Sunday, January 16, 2011

Sunday Meditation

Read through any three or four Psalms in one sitting, not so much looking for personal inspiration or encouragement, but simply to hear the voice of the Psalmist. He is surrounded by enemies. He is often confounded, because it seems at times that God--the God who parted the sea or made water pour from a rock--is no longer in control. Sometimes the Psalmist cries out for vengeance. Other times for mercy. His world is a world of conflict. It is a world enmeshed in debilitating confusion and complexity. The Psalmist is often quite desperate, and the only place to turn is toward God. In the midst of all his troubles, and despite his doubts, he always remembers and trusts in the promises of God.
As for me, I shall behold your face in righteousness;
when I awake, I shall be satisfied with your likeness. (Psalm 17:15 ESV)
In his letter to the Ephesian church, the Apostle Paul says that the "eternal purpose" of God was realized in Christ Jesus, and that as a result we have "bold access" to God (Eph. 3:11-12). Or to put it another way, such access, "bold access" (i.e., "I shall behold your face in righteousness"), was the eternal purpose of God, and this purpose was realized (made real) in Christ Jesus. That is the Gospel in a nutshell.

I cannot read the Psalms apart from this knowledge. The knowledge, the understanding, that it is Christ who will someday fulfill all the longing of the Psalmist for order, justice, peace. For an end to tears, to hate, to doubt, and to trouble.

This longing, arising out of desperate circumstances, voiced by Psalmists, poets, and Blues singers through the ages, is the human condition, and to voice it is to say the most honest thing we can at times. For an example, listen:

But such expression is not the last word. It is an important beginning, but it is not all there is. Sometimes you feel lost and helpless, like a "motherless child," but then there is Jesus. He fulfills the eternal purpose of God. He is bread. He is new wine. He is the promise of a family. In the midst of all the sheer confusion he gets our attention by saying outrageous things like this:
Yet a little while and the world will see me no more, but you will see me. Because I live, you also will live. (John 14:19 ESV)

I am the living bread that came down from heaven. If anyone eats of this bread, he will live forever. And the bread that I will give for the life of the world is my flesh.” (John 6:51 ESV)
Or this:
And he told them a parable to the effect that they ought always to pray and not lose heart. He said, “In a certain city there was a judge who neither feared God nor respected man. And there was a widow in that city who kept coming to him and saying, ‘Give me justice against my adversary.’ For a while he refused, but afterward he said to himself, ‘Though I neither fear God nor respect man, yet because this widow keeps bothering me, I will give her justice, so that she will not beat me down by her continual coming.’” And the Lord said, “Hear what the unrighteous judge says. And will not God give justice to his elect, who cry to him day and night? Will he delay long over them? I tell you, he will give justice to them speedily. Nevertheless, when the Son of Man comes, will he find faith on earth?” (Luke 18:1-8 ESV)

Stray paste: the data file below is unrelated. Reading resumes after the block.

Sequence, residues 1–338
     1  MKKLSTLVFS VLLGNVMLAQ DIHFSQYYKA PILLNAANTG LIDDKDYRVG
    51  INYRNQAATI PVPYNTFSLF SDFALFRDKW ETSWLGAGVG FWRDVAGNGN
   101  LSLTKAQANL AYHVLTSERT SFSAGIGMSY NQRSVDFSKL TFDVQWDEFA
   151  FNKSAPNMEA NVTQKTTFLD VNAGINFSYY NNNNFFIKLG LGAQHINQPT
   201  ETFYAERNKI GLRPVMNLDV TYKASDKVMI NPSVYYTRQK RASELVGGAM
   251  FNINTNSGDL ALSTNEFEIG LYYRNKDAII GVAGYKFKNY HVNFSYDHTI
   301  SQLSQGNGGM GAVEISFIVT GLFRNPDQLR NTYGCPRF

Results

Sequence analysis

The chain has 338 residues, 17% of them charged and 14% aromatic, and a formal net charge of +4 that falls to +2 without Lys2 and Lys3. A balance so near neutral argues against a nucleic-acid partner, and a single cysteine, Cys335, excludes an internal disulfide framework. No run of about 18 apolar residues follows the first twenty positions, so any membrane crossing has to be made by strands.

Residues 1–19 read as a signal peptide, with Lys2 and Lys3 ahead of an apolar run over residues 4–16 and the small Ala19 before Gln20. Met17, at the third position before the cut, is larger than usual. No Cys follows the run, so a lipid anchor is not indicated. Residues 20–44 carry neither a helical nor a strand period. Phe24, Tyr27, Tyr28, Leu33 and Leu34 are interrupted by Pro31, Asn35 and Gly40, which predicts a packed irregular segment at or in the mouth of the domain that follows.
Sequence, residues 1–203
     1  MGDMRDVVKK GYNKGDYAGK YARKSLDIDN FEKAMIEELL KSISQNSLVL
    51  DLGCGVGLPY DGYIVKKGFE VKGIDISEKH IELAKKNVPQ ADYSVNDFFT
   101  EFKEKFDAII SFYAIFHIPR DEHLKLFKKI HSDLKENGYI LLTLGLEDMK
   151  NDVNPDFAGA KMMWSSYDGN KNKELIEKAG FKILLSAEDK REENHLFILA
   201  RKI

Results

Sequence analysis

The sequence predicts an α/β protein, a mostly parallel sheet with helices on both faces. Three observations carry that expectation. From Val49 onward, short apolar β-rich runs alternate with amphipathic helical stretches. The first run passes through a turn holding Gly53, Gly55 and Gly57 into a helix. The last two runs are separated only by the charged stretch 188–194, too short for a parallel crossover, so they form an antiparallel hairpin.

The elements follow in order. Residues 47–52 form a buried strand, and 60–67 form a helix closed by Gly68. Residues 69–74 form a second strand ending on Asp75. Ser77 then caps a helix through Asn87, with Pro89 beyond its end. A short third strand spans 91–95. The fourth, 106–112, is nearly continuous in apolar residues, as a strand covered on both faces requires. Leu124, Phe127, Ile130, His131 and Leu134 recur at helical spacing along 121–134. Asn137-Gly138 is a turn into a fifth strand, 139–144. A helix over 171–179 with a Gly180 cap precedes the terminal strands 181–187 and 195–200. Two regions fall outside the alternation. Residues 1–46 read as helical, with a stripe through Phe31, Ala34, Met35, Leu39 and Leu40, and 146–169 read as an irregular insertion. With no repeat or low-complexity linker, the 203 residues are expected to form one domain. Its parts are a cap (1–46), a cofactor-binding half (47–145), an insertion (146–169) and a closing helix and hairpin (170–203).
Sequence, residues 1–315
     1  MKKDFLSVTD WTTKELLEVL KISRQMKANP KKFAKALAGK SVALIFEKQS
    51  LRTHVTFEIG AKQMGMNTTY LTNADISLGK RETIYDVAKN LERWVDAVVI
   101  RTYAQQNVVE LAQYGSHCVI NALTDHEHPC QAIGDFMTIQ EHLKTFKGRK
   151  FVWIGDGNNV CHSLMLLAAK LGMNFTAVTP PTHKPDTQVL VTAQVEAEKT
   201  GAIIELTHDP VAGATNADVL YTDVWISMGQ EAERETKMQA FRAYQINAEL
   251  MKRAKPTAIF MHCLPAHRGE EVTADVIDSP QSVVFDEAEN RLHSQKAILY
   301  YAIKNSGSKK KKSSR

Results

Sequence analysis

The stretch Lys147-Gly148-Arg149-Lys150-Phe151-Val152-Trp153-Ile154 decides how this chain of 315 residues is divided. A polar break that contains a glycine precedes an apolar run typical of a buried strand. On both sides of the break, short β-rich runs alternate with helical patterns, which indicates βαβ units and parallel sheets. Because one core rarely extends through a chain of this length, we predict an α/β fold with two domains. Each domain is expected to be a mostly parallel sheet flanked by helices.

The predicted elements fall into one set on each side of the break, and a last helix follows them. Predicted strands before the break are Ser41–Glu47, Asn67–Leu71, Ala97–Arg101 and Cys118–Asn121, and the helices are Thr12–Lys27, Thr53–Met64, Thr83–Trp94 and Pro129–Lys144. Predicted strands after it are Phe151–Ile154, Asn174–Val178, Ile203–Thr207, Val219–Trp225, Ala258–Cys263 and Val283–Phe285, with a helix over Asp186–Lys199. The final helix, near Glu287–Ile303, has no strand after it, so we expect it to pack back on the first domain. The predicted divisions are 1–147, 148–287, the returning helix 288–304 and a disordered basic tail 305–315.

That is the most powerful "nevertheless" in the English language. God will give justice. God will put right. God is better by far than any corrupt judge, and furthermore, in Christ Jesus he has fulfilled his purpose to give us bold access.

How's that? Because in Christ God's justice was "speedily" fulfilled. That work is finished. You, believer, have been delivered from wrath, "speedily," at the Cross. What is left but to go to Him, the righteous judge, boldly and in thanks? This is the Gospel of Christ.

And yet, nevertheless, how bold will he find us when he comes? Or will he find us still trying to earn bold access, dividing our trust between Christ (a little) and our own strategies (a little more than a little).

What can be greater than "bold access" to God? No one can bar us from that door. No one can stand against that access, for God has set aside everything that once blocked the way (our sin), doing so by the blood of Jesus, and confirming his triumph by his resurrection life. "Because I live, you too shall live."

As Nate says so well here, and Tullian here, the Gospel is not some check-off on a sort of eternal W-4 form. It is meant to be grasped, ingested, and lived. Because the world is in deep trouble without it.

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